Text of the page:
New leash on life: four rescue dogs arrive at AAC by air Transport Passenger Buckrail - Jackson Hole, news
Peter Rork and Kara Pollard unload the canine passengers. 40 other dogs flew to Boise that same day. Photo: Nick Sulzer

JACKSON, WY — “A house doesn’t smell like a home without the smell of a wet dog.”

So says Peter Ernest Rork, founder and pilot of “Dog is My Copilot, Inc.” And on June 21, the longest day of the year, four canine companions landed in Jackson to find their new homes and start new lives, thanks to Rork and his Cessna Caravan, a plane he has named “The Big Dog.”

The dogs flew in from San Antonio, Texas, where they had previously lived at San Antonio Pets Alive (SAPA). They’re now residents at the Animal Adoption Center until someone falls enough in love to take them home forever.

SAPA frequently parters with Dog is My Copilot. Shelters in the south are easily over-crowded, explained Dog is My Copilot Executive Director Kara Pollard. Oftentimes, they have no choice but to euthanize animals in order to make room for others. Shelters in Merced, California euthanized  94 percent of all animals that came through the door.

“It’s a slaughter,” Rork said. “An absolute slaughter.”

Shelters in Northern states like Wyoming and Idaho, by contrast, are seldom overcrowded. Pollard suspects such states, especially in places like Jackson, have more dog-friendly cultures, so the demand is higher. Dogs at the Animal Adoption Center, where the most recent San Antonio rescues now wait, often find homes in a matter of days.

The thing about animal adoption, Rork said, is every dog adopted is actually two dogs rescued—once one dog is adopted, another can take its place at the shelter. That’s why Rork partners with shelters in dog-friendly places like Jackson, where demand is high. When the weather is in his favor, from April to October, Rork makes up to four flights a week. That’s a lot of dogs in the air. And none of them will be euthanized.

Rescued from tragedy

Rork founded Dog is My Copilot with co-founder Judy Zimetiin 2012. It was born from tragedy—Rork’s wife died suddenly of cardiac arrest. “It crushed me,” Rork said. “It absolutely crushed me.”

The local orthopedic surgeon put away his surgical scrubs for good, and started doing animal rescues in his little six-seater Cessna on a volunteer basis. But he quickly realized the need was bigger than his six-seater could carry. Four years later, he upgraded to his 14-passenger Cessna Caravan—”The Big Dog.”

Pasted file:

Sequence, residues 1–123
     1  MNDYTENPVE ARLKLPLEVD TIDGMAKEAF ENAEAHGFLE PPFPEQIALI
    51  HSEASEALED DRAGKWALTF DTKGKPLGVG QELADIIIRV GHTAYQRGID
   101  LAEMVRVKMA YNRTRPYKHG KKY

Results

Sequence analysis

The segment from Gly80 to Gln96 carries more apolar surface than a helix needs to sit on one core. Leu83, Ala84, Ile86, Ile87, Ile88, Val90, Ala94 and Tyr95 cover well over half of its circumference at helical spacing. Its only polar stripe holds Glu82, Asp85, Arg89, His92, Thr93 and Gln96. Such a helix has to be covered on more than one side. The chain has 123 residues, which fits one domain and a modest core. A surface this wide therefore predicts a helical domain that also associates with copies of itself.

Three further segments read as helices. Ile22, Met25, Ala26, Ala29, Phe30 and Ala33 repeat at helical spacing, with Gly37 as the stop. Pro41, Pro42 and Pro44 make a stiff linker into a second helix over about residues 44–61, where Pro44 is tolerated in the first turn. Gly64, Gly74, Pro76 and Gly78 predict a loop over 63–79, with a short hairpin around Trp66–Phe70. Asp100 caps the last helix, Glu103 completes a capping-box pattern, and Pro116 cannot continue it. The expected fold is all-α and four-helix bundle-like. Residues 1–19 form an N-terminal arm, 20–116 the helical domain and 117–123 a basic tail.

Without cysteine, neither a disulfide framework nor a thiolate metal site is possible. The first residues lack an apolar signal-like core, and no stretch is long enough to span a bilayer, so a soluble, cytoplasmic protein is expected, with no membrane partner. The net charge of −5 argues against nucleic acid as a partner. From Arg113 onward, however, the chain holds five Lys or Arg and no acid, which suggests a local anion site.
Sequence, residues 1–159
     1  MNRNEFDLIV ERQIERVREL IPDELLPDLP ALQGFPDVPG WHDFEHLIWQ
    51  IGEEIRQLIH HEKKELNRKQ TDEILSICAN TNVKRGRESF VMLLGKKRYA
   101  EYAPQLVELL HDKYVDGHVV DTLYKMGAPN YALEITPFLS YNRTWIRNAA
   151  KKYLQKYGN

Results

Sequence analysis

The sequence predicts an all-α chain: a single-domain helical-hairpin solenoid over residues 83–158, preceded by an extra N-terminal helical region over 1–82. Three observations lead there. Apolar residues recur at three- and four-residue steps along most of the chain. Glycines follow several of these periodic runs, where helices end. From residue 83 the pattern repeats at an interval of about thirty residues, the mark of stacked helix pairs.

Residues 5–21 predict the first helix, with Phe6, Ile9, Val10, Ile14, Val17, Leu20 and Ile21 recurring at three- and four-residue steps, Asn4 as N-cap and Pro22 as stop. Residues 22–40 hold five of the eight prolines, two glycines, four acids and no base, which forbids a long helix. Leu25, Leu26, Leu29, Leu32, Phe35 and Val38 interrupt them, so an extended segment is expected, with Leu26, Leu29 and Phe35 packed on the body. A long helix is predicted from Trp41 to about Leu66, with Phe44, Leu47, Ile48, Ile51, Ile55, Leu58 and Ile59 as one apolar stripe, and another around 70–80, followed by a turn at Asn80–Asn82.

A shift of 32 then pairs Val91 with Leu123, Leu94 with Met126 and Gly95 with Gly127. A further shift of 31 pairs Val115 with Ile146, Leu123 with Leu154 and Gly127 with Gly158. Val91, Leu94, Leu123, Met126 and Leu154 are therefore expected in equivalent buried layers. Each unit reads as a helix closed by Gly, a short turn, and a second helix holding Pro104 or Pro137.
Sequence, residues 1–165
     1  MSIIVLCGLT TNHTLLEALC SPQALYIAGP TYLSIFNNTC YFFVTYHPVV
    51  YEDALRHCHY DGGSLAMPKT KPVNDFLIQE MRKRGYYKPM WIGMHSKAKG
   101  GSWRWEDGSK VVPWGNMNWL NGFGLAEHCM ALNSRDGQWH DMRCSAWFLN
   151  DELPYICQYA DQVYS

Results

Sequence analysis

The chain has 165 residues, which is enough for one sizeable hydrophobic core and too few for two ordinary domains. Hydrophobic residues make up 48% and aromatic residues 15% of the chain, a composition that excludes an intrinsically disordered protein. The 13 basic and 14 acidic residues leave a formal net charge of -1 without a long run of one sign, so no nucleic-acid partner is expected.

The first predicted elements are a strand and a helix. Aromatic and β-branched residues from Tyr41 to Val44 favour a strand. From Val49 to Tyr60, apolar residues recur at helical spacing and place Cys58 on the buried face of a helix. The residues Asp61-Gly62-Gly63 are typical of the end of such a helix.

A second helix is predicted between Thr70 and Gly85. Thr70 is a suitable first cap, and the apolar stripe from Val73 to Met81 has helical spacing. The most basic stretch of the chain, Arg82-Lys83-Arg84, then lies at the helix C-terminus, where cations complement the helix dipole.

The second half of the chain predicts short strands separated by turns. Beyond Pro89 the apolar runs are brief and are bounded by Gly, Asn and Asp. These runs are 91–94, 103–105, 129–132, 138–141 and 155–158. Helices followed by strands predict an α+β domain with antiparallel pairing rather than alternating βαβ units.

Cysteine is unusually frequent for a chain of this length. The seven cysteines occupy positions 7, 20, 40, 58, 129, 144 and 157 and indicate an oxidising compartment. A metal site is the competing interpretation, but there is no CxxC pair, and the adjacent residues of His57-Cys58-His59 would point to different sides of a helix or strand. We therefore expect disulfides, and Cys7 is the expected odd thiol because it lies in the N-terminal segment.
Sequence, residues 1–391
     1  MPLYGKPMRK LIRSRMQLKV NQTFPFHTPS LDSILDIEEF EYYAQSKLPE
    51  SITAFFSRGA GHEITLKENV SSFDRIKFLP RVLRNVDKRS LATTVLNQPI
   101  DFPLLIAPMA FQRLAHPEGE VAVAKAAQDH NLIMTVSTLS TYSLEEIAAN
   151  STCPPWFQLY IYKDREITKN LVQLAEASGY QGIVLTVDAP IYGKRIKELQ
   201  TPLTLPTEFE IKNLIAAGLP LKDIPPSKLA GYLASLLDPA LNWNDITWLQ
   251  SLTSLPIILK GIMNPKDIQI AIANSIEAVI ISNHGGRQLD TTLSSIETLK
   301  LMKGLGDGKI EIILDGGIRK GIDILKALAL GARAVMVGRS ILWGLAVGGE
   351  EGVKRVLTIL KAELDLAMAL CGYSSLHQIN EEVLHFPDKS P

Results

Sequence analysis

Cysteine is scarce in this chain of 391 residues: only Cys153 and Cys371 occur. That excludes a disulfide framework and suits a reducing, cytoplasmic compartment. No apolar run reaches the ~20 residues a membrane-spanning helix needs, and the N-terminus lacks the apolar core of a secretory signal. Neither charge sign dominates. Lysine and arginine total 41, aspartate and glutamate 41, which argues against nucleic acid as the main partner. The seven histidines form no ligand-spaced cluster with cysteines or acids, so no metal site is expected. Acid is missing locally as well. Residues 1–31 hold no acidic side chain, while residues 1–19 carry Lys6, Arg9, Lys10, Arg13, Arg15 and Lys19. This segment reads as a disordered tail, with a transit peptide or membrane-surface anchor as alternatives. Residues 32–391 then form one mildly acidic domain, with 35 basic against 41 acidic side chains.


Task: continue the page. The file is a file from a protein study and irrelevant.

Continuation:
The aircraft’s name holds two meanings: it is, first, a testament to the plane’s sheer size. Rork stripped the seats out of the back, and has fit as many as 251 animals into the plane in a single rescue. But it also nods to the type of animal Rork often saves. In states like California, Arizona, New Mexico and Texas, where most of Rork’s rescues come from, “big dogs” are in the most critical danger of being euthanized.

Since its inception in 2012, Dog is My Copilot has rescued more than 9,000 dogs. They’re expecting to transfer their 10,000th passenger this summer. That, Rork said, will be a day worth celebrating.

“I feel really good about that.”

New Jackson dogs

It’s hard to forget the experience of stepping off of a plane with the Tetons there to greet you. It’s also the experience of every dog who lands at Teton Aviation Center in Driggs, Idaho.

Pico, Sugar, Ginger (formerly Tuna), and Fiona (formerly Penny) were all too eager to take in their new surroundings. Pico trembled with excitement. Ginger hugged anyone in reach. Fiona ambled curiously around the strange place she had just landed. Sugar, meanwhile, was a little overwhelmed. She’s only an estimated four to six months old, the youngest of the pack. She sought solitude while she tried to understand why she’d just been uprooted thousands of miles from her home. But she has since come out of her shell and revealed her sweet, playful personality, according to the Animal Adoption Center’s Facebook introduction.

Their journey’s not quite over. After a stretch and bathroom break, the four pups loaded back into their kennels one last time, and into the Animal Adoption Center’s car. Now, they wait. And play. And wait, and play some more. Jackson life will suit them well.

Contact the Animal Adoption Center at 307.739.1881 to to learn more about these pups. 

Ginger, caught mid-wink. Photo: Nick Sulzer
Photo: Nick Sulzer

Shannon is a Wyoming-raised writer and reporter. She just completed a master's in journalism from Boston University. Jackson shaped her into an outdoorswoman, but a love for language and the human condition compels her to write. She believes there's no story too small to tell nor adventure too small to take.